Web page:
amsung has just unveiled a formidable Goliath of a smartphone called the Galaxy Mega, which will go on sale in Europe. As its name suggests, the Mega — with a hulking 6.3-inch display that laughs in the face of the 5.5-inch screen on the Galaxy Note II — is bigger than any handset we've seen before.
The Mega, mind you, isn't a bad phone. In fact, Ubergizmo's Hubert Nguyen gave it commendable marks in an early hands-on review. But this is exactly where things get tricky, and obfuscates a larger problem plaguing tech advertising: The whole "bigger is better" thing — which gives marketers an express lane to the gadget-lust regions of your amygdala — is, quite literally, getting out of hand.
Case in point: The other big piece of consumer tech news this morning involved murmurs that Microsoft is building a 7-inch version of the Surface. According to The Wall Street Journal, "Microsoft's product plans said the 7-inch tablets weren't part of the company's strategy last year, but Microsoft executives realized they needed a response to the rapidly growing popularity of smaller tablets." Seven inches. Which, if Nexus 7 and Kindle Fire sales are any indication, is the sweet spot for take-anywhere leisure machines, i.e. tablets.
Having more sizing options isn't a bad thing. Some people, for instance, aren't embarrassed pressing comically big tablets against their faces to take a call. We all have different needs. The issue, in all seriousness, is when gadget-makers focus their efforts on easy specs like screen size to lure in customers. That's when things get truly lopsided.
I'll point you to a great essay by Sascha Segan at PC Mag, who is ditching Android for HTC's 4.3-inch Windows Phone 8X. His main gripe? "High-end Android phones are literally inflating in a spec-sheet race that I like to call 'the game of moar.'" Moar is instinctive, he says. "It's the feeling you get when you eat some bacon, and then want 16 strips of bacon because bacon is delicious."
I miss Android, both for the flexible widgets and for the amazing array of third-party apps. But the Android world has been seized by the tyranny of moar. To switch back, I need a decent one-handed phone. Like about 25 million other Americans and Canadians, I take public transportation to work, and I really like to play games standing up. Using a phone one-handed poses physical limits based on the size of your thumb. [PC Mag]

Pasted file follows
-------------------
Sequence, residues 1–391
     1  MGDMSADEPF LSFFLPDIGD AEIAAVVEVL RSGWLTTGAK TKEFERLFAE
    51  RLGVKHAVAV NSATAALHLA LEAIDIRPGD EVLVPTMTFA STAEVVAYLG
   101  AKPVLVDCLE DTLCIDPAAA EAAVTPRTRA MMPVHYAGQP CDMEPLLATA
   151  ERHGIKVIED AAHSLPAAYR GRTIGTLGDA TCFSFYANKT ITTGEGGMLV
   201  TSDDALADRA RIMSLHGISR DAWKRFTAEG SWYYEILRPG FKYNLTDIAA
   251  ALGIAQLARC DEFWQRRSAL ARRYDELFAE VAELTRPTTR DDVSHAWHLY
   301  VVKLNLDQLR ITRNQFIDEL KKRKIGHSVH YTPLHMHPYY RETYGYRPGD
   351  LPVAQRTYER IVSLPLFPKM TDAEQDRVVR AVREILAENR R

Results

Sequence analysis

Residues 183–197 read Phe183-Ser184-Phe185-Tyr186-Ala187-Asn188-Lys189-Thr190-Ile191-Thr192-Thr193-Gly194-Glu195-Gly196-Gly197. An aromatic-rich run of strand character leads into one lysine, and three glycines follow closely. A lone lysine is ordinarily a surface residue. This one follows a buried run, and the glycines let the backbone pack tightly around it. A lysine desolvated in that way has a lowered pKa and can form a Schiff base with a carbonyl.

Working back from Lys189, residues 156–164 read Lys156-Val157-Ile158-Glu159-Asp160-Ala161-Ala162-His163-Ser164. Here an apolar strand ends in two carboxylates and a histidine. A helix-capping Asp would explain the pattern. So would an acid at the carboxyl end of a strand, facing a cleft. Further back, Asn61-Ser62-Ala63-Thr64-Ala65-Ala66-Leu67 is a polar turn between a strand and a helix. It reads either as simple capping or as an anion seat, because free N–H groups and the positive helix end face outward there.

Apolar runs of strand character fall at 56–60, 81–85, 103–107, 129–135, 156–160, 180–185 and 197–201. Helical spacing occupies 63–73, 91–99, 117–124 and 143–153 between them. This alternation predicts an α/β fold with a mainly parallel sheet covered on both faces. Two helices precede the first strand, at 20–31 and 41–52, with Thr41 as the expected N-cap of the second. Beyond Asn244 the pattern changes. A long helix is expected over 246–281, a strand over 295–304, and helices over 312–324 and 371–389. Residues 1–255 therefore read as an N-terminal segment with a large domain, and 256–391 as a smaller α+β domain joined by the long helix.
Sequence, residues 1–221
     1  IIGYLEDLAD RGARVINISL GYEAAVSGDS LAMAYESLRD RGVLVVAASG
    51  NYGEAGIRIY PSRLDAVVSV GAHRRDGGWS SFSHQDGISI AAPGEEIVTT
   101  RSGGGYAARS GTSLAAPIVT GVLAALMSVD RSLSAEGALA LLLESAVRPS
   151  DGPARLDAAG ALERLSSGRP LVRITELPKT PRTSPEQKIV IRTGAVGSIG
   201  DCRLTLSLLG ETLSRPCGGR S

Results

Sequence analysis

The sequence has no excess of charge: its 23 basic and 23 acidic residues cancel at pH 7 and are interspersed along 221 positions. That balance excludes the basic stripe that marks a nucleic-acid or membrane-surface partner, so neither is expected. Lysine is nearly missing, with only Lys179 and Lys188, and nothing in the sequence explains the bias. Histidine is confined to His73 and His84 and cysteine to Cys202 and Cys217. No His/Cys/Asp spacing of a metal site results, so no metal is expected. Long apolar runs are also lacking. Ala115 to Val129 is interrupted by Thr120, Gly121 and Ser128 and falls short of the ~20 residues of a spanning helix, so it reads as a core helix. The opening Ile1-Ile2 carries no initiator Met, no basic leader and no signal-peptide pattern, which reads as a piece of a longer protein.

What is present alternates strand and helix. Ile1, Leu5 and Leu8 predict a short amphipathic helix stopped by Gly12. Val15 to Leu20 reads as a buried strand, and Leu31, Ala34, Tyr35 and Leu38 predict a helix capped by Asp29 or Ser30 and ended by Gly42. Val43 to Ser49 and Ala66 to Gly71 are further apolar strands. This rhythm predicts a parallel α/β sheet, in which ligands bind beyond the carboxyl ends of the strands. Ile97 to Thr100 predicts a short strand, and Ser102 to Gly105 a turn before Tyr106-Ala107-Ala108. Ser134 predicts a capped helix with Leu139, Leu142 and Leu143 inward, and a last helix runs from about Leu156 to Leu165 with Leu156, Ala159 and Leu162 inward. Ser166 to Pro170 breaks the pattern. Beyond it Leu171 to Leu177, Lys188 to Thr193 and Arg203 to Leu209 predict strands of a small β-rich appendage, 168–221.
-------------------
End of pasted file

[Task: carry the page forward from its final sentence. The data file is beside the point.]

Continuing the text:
Ideally, argues Segan, that means a phone would need to be about 2.6 inches wide to accommodate the hands of most women and men — a 4.3-inch screen diagonally at most. The problem, though, is that the premier Androids are all sizing up. Moar, moar, moar, in other words.
Check it out. The badass new HTC One? A stretchy 4.7 inches. The fully loaded Samsung Galaxy S4? A 5-inch display. Guess which exciting new Android coming out is the sole owner of a sensible 4.3-inch screen? That's right: The HTC First, the mid-tier Facebook Phone.
Even Shaq — whose hands are so humongous that as a professional athlete who lives and breathes basketball, he couldn't nail a decent free throw form in a two-decade career — is perfectly fine using a 4-inch iPhone.
So, yes, this trend is getting to be too much. (I'm looking at you, HTC and Samsung.) I'm sure there are people out there who will love the Galaxy Mega. And the Galaxy Note III. And whatever gargantuan "phablet" (barf) is on the horizon. Convergence or whatever. But there's currently a glaring hole in the market for a top-level 4-inch phone that isn't made by Apple. Which is why I really hope that not only is the rumored Galaxy S4 Mini a real thing, but that it's also treated with the same attention to detail as its larger sibling.
Yes, a smaller, top-rate Android will be harder to glam up in ad campaigns without the big attention-grabbing numbers. But alas, the time has come that we restore some sanity in the smartphone arms race. We've reached the tipping point. Bigger isn't better anymore. Bigger just is.
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